Orthopaedic Oncology

Malignant Bone Tumors

Malignant tumors are cancerous growths which expand quickly and can metastasize, or spread to other areas of the body. Malignant bone tumors grow by invading nearby cells and spread to other parts of the body through a process called metastasis. Cells break off the tumor, enter the bloodstream or lymphatic system, and spread to another area, infecting additional tissue. This is how a tumor which starts in one part of the body, such as the breast or prostate, can spread to another type of tissue, such as the bones.

Below is a list of malignant tumors our orthopaedic oncology surgeons treat at Emory Orthopaedics & Spine.


Chordoma is a rare tumor that usually occurs in the spine and base of the skull. It is a malignant tumor that grows fairly slowly. It can spread to other organs, usually the lungs. It represents only about 1 percent of all malignant bone tumors. Chordomas grow slowly. Patients often have symptoms for a long time (more than a year) before they seek medical attention.


Lymphoma of the bone is defined as lymphoma arising within the medullary cavity of a bone in the absence of lymph node. Primary lymphoma of bone is rare (3% of primary bone tumors) and most lymphomas that involve bone are metastatic from lymph node. Most lymphomas of bone occur in people age 20 to 40 and are commonly found in the lower extremities specifically the femur and pelvis.

Malignant Fibrous Histiocytoma

Malignant fibrous histiocytoma is the most common malignant soft tissue tumor in late adulthood. The most common location is in the lower limbs, particularly the thigh region, where it can appear as a painless mass. Less frequently, it can grow in the abdomen and be undetected until the patient starts to develop symptoms related to an increase in abdominal pressure, such as bloating, frequent urination or constipation. There have been some reports of malignant fibrous histiocytoma developing in patients who received high-doses of radiation for many years in the past, and other reports suggest a viral or a chemical cause. In most cases, the origin is not known.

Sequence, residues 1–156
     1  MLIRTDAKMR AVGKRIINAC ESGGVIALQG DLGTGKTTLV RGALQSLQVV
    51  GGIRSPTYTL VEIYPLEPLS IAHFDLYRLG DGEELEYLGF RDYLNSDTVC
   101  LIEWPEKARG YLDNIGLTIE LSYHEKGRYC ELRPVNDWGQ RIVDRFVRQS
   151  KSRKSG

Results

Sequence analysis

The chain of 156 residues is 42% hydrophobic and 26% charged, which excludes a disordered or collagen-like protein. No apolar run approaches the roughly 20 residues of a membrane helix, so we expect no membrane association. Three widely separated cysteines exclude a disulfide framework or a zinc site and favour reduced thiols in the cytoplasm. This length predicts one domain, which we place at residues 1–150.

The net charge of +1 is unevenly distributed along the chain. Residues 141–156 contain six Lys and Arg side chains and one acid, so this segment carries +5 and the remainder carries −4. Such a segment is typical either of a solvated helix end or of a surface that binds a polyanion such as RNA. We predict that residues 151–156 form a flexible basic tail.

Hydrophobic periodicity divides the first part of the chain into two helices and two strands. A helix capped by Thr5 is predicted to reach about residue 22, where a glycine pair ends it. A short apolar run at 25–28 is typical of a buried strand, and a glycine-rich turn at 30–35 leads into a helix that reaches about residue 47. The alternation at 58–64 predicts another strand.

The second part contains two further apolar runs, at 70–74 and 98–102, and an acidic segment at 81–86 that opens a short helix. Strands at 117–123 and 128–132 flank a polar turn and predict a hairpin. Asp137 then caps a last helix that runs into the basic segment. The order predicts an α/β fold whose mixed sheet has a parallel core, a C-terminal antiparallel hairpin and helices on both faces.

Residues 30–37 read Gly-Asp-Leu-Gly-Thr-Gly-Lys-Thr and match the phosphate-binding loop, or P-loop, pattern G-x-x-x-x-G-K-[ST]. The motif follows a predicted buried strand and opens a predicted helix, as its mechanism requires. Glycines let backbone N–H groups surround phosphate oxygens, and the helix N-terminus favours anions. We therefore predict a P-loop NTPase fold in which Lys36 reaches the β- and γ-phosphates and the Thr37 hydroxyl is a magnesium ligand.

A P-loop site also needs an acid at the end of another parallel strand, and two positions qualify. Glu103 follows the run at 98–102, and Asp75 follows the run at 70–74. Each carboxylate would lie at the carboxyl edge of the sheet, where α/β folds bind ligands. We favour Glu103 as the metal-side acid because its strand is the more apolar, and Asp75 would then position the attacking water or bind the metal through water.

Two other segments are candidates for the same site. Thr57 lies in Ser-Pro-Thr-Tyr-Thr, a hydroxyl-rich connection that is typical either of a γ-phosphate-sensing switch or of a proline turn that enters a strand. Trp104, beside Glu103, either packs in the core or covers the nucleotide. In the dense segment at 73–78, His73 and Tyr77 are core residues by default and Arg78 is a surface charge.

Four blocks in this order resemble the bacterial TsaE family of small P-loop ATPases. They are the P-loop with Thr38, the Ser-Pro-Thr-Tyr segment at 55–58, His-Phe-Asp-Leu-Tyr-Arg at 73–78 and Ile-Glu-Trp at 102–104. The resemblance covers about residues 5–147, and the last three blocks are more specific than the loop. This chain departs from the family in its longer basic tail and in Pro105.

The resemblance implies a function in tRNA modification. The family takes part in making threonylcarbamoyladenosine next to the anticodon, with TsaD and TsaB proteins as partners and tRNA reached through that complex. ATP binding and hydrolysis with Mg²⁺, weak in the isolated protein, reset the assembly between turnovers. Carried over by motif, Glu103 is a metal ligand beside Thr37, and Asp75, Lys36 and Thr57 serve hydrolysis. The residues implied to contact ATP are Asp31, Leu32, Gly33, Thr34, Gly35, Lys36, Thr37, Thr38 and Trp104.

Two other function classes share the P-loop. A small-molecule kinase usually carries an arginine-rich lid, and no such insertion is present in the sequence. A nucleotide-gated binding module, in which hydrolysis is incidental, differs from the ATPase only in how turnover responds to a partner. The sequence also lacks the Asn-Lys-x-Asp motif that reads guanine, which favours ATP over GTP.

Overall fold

Metastatic Bone Disease

Cancer that begins in an organ, such as the lungs, breast, or prostate, and then spreads to bone is called metastatic bone disease (MBD). MBD causes pain in the area of spread, damages and weakens bone, and puts the patient at a greater risk for broken bones. It can make it hard to participate in daily activities. The biggest concern for patients with MBD is the general loss in quality of life. Sometimes, the tumor can completely destroy the bone in a particular area. This type of process is termed osteolytic bone destruction. This type of damage is most common in cancers that have spread to bone from the lung, thyroid, kidney, and colon.


Myeloma is the most common primary bone cancer. It is a cancer that begins in bone (primary bone cancer) which is different from cancer that begins somewhere else in the body and spreads to bone (secondary bone cancer). It is a malignant tumor of bone marrow. Multiple myeloma affects approximately five to seven people per 100,000 each year. According to the Multiple Myeloma Research Foundation, more than 56,000 Americans are living with the disease each year. Most cases are seen in patients between the ages of 50 and 70 years old. Any bone can be involved.